In the past, it was not uncommon to have projects that
spanned years. However, for the most part, the days of the mega-project are
over. Very large projects are simply too difficult to execute successfully and
present a number of problems, including:

  • The
    work is less clear as you get further out. This makes it very difficult to
    plan successfully.
  • Since
    the future work is less clear, it’s harder to make accurate estimates for
    effort, duration, and cost.
  • Business
    and technical conditions change over time, making planning assumptions
    very uncertain. The business and technical certainties of today can change
    dramatically over time.
  • You
    risk losing organizational support if there’s a long timeframe before delivering
    tangible results. It’s very difficult to maintain organizational
    enthusiasm and support over long periods of time.
  • Large
    projects have more people and this increases the likelihood of
    communication problems, misunderstandings, team turnover, and morale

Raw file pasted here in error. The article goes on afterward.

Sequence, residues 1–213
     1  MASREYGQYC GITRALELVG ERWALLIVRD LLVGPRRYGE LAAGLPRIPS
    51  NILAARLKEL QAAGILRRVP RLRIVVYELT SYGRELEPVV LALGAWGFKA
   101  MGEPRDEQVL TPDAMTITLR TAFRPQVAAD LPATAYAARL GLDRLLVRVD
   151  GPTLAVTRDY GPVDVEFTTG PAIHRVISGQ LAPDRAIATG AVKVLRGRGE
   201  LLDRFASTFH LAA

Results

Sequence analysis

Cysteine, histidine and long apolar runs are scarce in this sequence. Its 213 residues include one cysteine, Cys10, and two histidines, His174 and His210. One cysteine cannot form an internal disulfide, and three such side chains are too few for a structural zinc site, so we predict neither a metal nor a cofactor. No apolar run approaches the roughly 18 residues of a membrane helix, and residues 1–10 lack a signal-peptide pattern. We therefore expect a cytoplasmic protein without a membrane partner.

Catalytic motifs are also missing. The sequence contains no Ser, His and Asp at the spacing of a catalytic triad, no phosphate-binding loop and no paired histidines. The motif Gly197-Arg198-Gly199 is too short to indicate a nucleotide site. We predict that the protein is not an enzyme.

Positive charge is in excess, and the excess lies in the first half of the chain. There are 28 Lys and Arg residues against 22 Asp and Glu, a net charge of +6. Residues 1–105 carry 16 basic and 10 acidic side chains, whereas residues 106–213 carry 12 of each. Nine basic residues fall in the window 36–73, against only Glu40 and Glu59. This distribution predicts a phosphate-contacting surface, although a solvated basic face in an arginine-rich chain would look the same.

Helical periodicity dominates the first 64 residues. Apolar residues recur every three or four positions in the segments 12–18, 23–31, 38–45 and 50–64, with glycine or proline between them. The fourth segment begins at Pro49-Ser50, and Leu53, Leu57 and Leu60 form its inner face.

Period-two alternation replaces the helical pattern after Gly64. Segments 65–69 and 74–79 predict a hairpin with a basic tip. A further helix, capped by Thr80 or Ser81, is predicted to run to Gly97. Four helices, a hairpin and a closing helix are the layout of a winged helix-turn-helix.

Very large efforts are much too difficult and complex to
manage as a single project. It’s better to break the work down into more
manageable chunks of work, each of which is managed as its own project, with
its own Project Definition and workplan.

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For instance, a long IT development effort can be broken
into separate projects. One project could be set up for the analysis work.
Toward the end of that project, you could establish three more projects to
design and build portions of the solution. A project might be structured to
create the infrastructure needed for the solution. Two more projects could be
set up for consolidated testing and final deployment respectively.

If you break a large effort into a number of inter-related
projects, there’s still a need to maintain overall management and coordination.
This is the purpose of setting up a “program.” A program is the
umbrella structure established to manage a series of related projects and is led
by a program manager. The program does not produce any project deliverables. The
program manager’s purpose is to:

  • Provide
    overall direction, guidance, and leadership for the projects.
  • Make
    sure the related projects are communicating effectively.
  • Provide
    a central point of contact and focus for the client and the project teams.
  • Determine
    how individual projects should be defined to ensure all the work gets
    completed successfully.

If you are assigned a very large project, look for ways to
break it up into smaller pieces (with or without the program umbrella).
Breaking it up into multiple smaller projects doesn’t mean you have more work–it
is the same work. However, breaking it up will allow you to manage the work
more effectively and ultimately give you a better chance to be successful.